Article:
As far back as the 6th century BC when the phrase was coined, humans have known that necessity is the mother of invention.
Great progress almost always comes from an even greater need or problem in society. Take the rapid development of mRNA vaccine technology, an advancement that could have far-reaching implications for the treatment of all sorts of diseases, yet it took a global health crisis to spur (and fund) the acceleration of research in the field.
One could be forgiven for thinking online shopping is the exception to this rule. After all, do we really need the ability to have pet rocks shipped to our doors with next-day delivery? What existential problem is SEO optimization solving? But the truth is that eCommerce, today a multi-trillion dollar industry, was in fact born out of necessity, and invented in a bid to give a helping hand to some of those that society was letting down.
This is the story of the invention of eCommerce and Michael Aldrich, the godfather of online shopping.
Michael Aldrich pictured in 2009. Photo via Wikimedia Commons.
Michael John Aldrich was born in the UK in 1941 and after earning a history degree from the University of Hull, he got into the nascent computing industry of the 1960s, eventually joining the board of Redifon in 1977.
At that time, the company “manufactured minicomputers and designed systems for companies including Inland Revenue, British Aerospace, and Harrods,” Aldrich would later write. So all very big business and exclusive, not exactly how we see eCommerce today.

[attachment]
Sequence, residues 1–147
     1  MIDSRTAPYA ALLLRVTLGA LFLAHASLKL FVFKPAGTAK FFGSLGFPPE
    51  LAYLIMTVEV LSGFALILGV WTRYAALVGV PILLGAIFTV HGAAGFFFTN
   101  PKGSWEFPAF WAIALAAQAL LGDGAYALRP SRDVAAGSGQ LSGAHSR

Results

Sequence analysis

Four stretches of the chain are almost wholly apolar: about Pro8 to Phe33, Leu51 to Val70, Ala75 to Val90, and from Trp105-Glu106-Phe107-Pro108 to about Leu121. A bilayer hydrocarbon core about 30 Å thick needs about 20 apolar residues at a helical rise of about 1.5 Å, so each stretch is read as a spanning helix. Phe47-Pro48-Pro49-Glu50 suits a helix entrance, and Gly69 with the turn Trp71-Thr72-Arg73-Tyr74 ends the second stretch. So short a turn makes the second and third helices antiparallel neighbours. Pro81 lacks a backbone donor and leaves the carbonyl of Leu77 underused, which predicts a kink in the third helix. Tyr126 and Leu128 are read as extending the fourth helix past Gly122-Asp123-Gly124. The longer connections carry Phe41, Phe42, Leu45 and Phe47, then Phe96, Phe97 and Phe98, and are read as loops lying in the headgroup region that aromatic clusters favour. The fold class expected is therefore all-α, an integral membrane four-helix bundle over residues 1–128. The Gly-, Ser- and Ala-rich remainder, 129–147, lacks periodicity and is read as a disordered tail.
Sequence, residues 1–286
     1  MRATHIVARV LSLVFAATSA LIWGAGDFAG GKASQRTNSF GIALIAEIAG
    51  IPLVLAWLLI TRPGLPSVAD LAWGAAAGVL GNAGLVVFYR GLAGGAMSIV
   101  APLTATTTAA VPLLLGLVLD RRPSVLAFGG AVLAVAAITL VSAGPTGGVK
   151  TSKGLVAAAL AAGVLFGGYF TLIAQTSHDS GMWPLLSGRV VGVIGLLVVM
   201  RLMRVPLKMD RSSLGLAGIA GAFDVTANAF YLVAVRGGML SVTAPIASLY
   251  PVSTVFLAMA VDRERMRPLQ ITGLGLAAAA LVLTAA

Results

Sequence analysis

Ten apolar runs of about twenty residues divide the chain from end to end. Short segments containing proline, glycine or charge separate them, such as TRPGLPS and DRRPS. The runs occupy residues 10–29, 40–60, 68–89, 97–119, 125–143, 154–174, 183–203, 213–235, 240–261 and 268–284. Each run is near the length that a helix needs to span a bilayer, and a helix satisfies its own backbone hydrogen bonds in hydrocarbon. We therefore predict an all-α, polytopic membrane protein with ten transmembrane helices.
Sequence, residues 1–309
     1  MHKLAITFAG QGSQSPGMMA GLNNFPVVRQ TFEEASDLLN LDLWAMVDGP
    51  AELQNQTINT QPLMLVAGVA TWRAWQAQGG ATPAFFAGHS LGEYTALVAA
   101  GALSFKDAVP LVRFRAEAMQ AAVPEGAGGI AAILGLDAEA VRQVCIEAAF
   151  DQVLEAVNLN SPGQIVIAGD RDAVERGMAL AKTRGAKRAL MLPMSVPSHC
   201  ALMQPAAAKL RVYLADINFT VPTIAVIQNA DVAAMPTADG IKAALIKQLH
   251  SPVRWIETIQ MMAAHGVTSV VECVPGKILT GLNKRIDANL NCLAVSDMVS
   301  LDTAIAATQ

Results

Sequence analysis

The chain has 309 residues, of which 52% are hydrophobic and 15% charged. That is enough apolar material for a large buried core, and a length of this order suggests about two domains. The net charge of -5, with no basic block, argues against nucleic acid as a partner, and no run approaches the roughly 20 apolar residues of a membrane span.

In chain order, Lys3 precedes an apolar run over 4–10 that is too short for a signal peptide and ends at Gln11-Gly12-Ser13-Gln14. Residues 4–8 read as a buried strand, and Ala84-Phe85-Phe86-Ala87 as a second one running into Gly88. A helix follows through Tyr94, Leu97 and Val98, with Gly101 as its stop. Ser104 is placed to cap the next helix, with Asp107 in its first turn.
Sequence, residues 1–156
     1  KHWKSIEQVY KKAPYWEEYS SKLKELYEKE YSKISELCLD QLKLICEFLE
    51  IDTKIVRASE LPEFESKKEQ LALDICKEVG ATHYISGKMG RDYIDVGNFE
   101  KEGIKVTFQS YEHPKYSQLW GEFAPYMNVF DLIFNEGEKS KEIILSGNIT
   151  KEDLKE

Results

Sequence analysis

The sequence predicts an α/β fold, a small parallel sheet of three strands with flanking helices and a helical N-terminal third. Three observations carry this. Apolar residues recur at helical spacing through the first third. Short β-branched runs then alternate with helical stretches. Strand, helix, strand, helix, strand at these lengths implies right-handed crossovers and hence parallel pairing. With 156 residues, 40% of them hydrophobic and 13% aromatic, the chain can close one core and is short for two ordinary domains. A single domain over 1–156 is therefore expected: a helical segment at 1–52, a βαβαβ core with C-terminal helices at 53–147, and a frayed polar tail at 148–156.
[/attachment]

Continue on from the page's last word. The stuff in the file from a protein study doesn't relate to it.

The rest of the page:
In the late 1970s, videotex technology was beginning to take off in the UK. This rudimentary system allowed the likes of British Telecom and other telecommunications companies to send text-based news updates to television sets via telephone lines. Aldrich and others at Redifon tinkered with the technology and reasoned that a domestic television could be used to communicate with a computer via the other end of the telephone line and therefore allow users to order all sorts of goods and services.
They experimented and brought their ideas on the road to Data Entry Management Association Conference in New Orleans in September 1979. The system was a hit in the US and Aldrich and co rushed home to get it up and running in the wild.
While Aldrich had at first imagined his invention being used by consumers as a B2C device due to his hatred of heading to the supermarket to do his weekly shopping, it would be the B2B market that began the online shopping revolution.
“The marketing plan was simple. Sell the idea to the big corporations that they could connect their agents, distributors and customers to their corporate information systems for direct shopping and sales,” he later wrote.
By 1981 the first of the systems were up and running and being used by the travel agent Thomson, allowing the company’s salesmen up and down the country to show prospective customers which holiday packages were available in real-time by connecting to the central Thomson computer system.
The article in Information Management extolling the virtues of B2B eCommerce.
A 1981 article in the magazine Information Management featured quotes from travel agents singing the system’s praises for how it made their job easier, and for how customers were impressed by it. The invention was a success and was rolled out to other B2B clients, such as carmakers Peugeot and Nissan. However, it would be another three years before Aldrich’s B2C vision was to be realized.
Gateshead in Northeast England is probably best known for architectural works like the Gateshead Millennium Bridge and the Angel of the North sculpture, which was completed in 1998. However, few people know in 1984, a pensioner called Jane Snowball laid the foundations for the eCommerce revolution that continues to this day.
In 1979, five years before the fateful day of the first online grocery order, a study by the University of Newcastle and supermarket chain Tesco found that a high proportion of people, many in inner-city areas, had poor access to large stores that offered a wide selection of affordable goods.